BACKGROUND: No biomechanical study has been performed analyzing the merits of reconstructing the popliteofibular ligament (PFL) through a tibial tunnel with an anatomic reconstruction of the posterolateral knee.HYPOTHESIS: There is no difference in an anatomic posterolateral knee reconstruction with or without a PFL reconstruction placed through a tibial tunnel in restoring knee motion to the intact, uninjured state, and the knee is not overconstrained with this reconstruction.STUDY DESIGN: Controlled laboratory study.METHODS: Eight paired knees were tested in the intact state and then sectioned to simulate a grade III posterolateral knee injury. The reconstruction for the first paired knee reconstructed the PFL (through a tibial tunnel), popliteus tendon, and fibular collateral ligament (group 1); the matched knee reconstruction involved only the popliteus tendon and fibular collateral ligament (group 2).RESULTS: Reconstructions for group 1 knees restored knee motion to the intact state for all tested conditions at all knee flexion angles with no overconstraint of the knee. Without reconstructing the PFL (group 2), small but significant increases in motion were found for varus translation at 0 degrees (3.0 degrees ), 20 degrees (3.1 degrees ), and 60 degrees (3.8 degrees ) of knee flexion compared with the intact state. At 60 degrees and 90 degrees of flexion, the reconstruction for group 2 had small but significant increases in internal rotation compared with the intact state (1.3 degrees and 1.8 degrees , respectively).CONCLUSION: Inclusion of the PFL through a tibial tunnel as part of an anatomic posterolateral knee reconstruction restores knee stability back to the intact state and does not overconstrain the knee. Furthermore, inclusion of the PFL through a tibial tunnel restored normal internal rotation.CLINICAL RELEVANCE: The PFL should be included in anatomic reconstructions of grade III posterolateral knee injuries with placement through a tibial tunnel to best restore the intact, preinjury knee motion state and, most notably, normal internal rotation without evidence of overconstraint of the knee.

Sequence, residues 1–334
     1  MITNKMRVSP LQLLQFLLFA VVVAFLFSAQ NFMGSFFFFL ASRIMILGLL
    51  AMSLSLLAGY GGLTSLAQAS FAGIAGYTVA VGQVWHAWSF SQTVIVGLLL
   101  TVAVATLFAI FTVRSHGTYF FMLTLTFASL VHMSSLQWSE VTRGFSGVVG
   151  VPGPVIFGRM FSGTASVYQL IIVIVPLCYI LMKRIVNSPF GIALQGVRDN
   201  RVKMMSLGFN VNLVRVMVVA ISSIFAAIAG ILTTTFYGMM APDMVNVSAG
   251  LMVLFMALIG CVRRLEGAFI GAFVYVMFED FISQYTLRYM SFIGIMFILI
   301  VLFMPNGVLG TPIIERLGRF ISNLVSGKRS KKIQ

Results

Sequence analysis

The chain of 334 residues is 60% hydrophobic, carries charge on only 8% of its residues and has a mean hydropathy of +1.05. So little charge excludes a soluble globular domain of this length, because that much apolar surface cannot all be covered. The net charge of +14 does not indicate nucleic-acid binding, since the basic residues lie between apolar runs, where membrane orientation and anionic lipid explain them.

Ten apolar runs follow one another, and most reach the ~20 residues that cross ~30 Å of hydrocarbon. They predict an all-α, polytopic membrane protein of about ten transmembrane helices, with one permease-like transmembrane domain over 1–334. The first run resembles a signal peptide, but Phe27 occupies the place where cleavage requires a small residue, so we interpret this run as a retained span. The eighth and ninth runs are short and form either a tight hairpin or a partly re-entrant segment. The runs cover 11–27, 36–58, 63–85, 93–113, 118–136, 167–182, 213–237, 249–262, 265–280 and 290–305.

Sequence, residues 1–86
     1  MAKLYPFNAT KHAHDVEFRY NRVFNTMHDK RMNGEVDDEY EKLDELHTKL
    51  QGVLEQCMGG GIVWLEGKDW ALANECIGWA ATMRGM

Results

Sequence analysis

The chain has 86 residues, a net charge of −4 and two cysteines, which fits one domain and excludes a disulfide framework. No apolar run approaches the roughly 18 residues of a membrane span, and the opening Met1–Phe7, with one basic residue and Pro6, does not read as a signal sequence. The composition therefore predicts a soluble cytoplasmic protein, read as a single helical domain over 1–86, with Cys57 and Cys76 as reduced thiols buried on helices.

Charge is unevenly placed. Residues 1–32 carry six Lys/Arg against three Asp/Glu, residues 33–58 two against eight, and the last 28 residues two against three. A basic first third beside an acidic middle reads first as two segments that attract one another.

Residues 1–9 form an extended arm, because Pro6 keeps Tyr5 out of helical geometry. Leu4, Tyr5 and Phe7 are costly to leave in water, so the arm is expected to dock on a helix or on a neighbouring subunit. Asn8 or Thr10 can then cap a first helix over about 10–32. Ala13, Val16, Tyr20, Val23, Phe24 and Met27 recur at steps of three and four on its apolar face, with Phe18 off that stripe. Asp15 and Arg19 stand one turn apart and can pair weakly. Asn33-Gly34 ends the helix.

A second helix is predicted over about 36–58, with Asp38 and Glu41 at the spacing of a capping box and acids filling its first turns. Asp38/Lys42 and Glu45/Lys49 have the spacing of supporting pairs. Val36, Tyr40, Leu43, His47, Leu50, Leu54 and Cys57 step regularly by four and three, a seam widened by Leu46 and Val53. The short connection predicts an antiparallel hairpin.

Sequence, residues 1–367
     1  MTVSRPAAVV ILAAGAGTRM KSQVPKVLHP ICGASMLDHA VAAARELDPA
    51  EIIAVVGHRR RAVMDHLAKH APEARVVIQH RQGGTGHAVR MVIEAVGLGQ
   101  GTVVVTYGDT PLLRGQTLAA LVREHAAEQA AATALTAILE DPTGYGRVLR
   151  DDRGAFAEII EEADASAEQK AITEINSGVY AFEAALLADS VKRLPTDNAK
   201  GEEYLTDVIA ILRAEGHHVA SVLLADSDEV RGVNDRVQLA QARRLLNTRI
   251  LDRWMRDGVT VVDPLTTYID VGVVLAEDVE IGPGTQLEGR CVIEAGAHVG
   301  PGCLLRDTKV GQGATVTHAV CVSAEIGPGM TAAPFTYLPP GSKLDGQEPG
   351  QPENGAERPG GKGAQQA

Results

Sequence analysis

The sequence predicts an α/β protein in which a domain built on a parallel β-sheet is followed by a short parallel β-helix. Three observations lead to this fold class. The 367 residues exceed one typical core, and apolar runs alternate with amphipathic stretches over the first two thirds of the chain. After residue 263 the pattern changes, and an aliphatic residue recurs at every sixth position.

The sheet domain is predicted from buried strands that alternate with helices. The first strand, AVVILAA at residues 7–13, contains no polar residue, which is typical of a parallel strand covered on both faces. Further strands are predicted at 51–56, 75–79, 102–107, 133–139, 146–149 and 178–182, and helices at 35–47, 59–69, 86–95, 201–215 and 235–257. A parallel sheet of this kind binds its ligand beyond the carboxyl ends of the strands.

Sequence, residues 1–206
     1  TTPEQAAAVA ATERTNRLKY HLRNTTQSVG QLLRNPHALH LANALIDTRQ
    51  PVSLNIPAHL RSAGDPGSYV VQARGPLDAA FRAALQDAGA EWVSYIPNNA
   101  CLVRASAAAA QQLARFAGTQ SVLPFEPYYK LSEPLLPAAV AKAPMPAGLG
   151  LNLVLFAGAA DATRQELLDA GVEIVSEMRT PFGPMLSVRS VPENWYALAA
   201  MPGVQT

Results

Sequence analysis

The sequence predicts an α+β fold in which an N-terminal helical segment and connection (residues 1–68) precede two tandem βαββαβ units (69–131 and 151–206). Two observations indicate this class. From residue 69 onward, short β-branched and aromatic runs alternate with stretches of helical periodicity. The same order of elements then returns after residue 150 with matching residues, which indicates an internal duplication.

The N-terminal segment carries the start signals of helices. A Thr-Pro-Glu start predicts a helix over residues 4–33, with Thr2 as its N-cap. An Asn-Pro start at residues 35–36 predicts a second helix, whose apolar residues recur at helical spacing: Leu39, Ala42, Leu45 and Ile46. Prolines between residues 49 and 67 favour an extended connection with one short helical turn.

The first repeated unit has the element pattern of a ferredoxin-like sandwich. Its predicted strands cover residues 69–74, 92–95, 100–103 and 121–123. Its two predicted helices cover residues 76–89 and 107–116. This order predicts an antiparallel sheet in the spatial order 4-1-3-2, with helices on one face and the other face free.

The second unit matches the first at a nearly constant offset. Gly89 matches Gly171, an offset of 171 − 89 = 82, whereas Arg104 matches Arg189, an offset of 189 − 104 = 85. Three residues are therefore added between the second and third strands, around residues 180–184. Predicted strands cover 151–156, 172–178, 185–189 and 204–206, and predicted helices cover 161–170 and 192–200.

|Numero di pagine||8|
|Rivista||THE AMERICAN JOURNAL OF SPORTS MEDICINE|
|Stato di pubblicazione||Published - 2010|
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